| NEW YORK
NEW YORK Everyone knows worrying about money can make it harder to do your job. But recent research suggests it is costing some employees more than two work weeks a year in productivity.
That is more than just some morning fog before the second cup of coffee kicks in. And it is a cause of what workplace gurus call "presenteeism" - where you are at work but not fully functioning due to illness or severe stress - which accounts for more lost time than actual sick days, when people are fully absent from their jobs.
Workers who say money concerns keep them from doing their jobs lost 12.4 days due to presenteeism in 2015, and just 3.5 days to absence, according to a new study on financial worries from Willis Towers Watson, a leading benefits firm.
"With a lot of desk jobs, you can fade away for a few hours, but those hours have to be made up in some capacity. It starts to compound," says Steve Nyce, a senior economist for Willis Towers Watson, who led the study.
Figuring out the dollar cost of this lost productivity is tricky, so most calculations are done by lost hours on the job, says Debra Lerner, a professor at Tufts Medical Center in Boston, who is one of the leading scholars on presenteeism.
Willis Towers Watson's study made use of the kind of methodology that Lerner and her colleagues developed to measure presenteeism, which is to ask workers about performance problems during the previous two weeks, and then delve further into the reasons for any lost focus.
Depression is always in the top five, Lerner says. Employees with a major depressive episode will lose 15 percent to 20 percent of their productivity in a given year. Workers with more mild forms of depression also experience productivity loss. And while it is at a lower level, the periods of lost productivity could last longer.
Stress can lead to a host of physical ailments, says Walter 'Buzz' Stewart, another pioneer in the study of presenteeism, who is now a chief researcher for Sutter Health, a nonprofit healthcare system based in Northern California.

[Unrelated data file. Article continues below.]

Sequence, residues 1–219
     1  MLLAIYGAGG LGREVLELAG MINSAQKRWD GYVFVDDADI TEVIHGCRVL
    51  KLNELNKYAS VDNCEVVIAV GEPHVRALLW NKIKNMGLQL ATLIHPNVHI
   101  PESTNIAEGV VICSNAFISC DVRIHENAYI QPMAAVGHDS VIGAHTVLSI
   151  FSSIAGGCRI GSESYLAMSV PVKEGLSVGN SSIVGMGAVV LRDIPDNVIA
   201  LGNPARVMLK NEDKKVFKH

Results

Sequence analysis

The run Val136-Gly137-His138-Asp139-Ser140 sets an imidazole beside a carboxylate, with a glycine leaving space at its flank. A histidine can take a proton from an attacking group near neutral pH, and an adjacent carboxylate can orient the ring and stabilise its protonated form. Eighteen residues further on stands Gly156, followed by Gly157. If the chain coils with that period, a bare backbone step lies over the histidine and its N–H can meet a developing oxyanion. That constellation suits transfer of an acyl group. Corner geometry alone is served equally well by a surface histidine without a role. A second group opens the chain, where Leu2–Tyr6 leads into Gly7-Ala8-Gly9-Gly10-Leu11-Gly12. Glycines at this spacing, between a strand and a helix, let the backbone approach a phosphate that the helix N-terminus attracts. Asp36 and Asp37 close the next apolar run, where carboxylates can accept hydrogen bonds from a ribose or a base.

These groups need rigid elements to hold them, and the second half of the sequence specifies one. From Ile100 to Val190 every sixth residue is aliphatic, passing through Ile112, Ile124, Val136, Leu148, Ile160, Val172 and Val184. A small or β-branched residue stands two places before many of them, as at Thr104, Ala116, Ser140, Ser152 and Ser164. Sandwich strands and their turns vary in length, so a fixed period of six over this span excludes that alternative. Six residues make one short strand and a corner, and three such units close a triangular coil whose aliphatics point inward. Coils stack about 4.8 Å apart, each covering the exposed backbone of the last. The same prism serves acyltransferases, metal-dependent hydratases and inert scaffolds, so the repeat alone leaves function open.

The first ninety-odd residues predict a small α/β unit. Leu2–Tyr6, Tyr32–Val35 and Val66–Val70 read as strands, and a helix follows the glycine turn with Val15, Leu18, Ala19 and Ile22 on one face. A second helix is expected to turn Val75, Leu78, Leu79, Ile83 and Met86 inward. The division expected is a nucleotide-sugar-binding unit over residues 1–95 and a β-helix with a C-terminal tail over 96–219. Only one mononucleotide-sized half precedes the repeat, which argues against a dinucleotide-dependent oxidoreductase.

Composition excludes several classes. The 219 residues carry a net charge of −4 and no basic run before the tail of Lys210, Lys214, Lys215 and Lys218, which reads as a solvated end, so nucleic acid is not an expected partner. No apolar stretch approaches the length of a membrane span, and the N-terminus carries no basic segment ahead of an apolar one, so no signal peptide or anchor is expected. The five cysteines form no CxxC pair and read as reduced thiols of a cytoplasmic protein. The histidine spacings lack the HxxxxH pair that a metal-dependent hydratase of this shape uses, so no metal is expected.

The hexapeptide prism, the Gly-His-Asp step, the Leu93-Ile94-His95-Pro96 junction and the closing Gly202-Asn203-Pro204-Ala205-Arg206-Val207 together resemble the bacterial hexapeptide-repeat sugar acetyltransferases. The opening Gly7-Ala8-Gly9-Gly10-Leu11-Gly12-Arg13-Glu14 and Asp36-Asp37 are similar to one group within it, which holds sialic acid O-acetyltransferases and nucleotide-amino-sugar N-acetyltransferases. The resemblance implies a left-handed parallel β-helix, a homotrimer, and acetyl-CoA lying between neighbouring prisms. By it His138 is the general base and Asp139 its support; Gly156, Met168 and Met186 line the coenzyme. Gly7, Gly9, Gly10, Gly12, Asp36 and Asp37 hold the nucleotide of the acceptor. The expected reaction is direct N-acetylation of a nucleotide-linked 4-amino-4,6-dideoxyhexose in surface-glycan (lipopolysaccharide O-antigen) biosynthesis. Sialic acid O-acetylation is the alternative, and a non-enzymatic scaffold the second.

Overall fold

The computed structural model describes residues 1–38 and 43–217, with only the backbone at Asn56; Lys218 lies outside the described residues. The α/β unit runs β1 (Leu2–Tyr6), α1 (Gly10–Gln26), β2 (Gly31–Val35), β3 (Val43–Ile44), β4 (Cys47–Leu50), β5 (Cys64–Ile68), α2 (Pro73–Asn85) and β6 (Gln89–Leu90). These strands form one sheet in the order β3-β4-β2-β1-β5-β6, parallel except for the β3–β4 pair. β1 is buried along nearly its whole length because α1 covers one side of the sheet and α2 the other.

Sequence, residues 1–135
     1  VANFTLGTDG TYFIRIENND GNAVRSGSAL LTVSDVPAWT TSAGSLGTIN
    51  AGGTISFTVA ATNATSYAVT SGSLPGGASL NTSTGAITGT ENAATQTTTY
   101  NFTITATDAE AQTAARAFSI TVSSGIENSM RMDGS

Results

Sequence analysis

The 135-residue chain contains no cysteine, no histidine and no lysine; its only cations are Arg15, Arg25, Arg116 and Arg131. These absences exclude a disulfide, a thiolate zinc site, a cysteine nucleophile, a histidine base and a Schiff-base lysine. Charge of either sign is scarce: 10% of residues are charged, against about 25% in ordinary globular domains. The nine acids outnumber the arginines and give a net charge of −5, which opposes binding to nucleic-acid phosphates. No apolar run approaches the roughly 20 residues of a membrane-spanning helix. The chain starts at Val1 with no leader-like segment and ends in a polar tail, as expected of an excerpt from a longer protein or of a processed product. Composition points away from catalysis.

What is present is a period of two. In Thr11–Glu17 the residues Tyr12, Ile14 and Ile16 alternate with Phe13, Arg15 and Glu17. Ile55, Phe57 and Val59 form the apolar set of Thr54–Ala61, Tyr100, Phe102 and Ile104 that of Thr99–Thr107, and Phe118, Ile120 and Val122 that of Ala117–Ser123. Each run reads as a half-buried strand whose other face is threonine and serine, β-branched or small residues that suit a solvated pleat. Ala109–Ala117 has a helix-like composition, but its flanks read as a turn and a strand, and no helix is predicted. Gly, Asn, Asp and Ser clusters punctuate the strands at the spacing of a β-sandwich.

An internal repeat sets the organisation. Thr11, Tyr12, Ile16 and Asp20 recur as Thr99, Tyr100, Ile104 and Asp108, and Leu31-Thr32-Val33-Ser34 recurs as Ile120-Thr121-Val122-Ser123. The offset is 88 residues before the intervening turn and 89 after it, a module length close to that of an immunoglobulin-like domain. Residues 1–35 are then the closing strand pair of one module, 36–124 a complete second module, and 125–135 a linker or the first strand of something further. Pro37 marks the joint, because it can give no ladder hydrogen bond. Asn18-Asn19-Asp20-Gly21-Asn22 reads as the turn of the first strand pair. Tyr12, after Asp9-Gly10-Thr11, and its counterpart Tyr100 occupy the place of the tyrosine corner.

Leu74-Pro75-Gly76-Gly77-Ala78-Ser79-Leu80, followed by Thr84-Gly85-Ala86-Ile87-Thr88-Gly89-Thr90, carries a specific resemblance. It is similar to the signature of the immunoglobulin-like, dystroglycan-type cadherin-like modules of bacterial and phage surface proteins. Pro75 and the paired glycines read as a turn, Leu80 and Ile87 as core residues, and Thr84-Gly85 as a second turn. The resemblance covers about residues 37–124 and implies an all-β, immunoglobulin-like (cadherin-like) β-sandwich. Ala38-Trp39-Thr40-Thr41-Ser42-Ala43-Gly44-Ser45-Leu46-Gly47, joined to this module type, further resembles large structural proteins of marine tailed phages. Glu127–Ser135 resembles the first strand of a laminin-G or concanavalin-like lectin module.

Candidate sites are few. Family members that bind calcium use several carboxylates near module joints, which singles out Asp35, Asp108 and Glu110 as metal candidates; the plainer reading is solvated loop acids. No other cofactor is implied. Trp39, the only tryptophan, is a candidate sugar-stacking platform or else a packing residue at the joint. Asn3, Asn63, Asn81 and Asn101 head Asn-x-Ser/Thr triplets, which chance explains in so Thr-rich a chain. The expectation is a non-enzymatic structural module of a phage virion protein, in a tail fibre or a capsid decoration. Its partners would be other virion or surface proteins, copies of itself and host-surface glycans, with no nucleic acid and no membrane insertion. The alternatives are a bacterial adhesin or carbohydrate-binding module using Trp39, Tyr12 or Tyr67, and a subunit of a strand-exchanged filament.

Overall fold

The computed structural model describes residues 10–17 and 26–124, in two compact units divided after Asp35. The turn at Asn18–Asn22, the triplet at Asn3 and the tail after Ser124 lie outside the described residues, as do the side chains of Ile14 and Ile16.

"Every organ has at least one chronic episodic condition -asthma, lower-back pain, migraine, depression or anxiety," Stewart says. "They come and go, and often their onset is mediated by stress."
HELP IS OUT THERE
While some 85 percent of employers offer traditional options to cope with stress through an Employee Assistance Program (EAP), more are starting to offer specific financial management help too, Nyce says.
The options range from financial planning seminars to help with budgeting apps.
"There's a solution for everything out there," says Nyce.
Fidelity Investments just launched a new series of seminars called Thrive, aimed at promoting financial literacy among women. It is offering seminars at workplaces around the country.
Ron Goetzel, a senior scientist at Johns Hopkins University and a vice-president at Truven Health Analytics, is also part of a nonprofit group the Health Project (thehealthproject.com) that awards prizes each year to companies with the best wellness programs.
Both 2014 winners had special programs to help alleviate financial stress. At energy company BP's U.S. headquarters in Houston, employees receive one-on-one financial coaching and 10 different classes to help with financial stress.
American Cast Iron Pipe Co, based in Birmingham, Alabama, offers financial planning and debt avoidance counseling, among its other offerings like smoking cessation programs.
Lowering stress among employees can be a good indicator of a healthy business for investors. Goetzel recently tallied up the performance of all the companies that have won awards since 2000. If a person had invested $10,000 in an index made up of those companies, the rate of return would be 325 percent, versus just 105 percent for the S&P 500 during the same time period, he said.
(Editing by Lauren Young and Bill Rigby)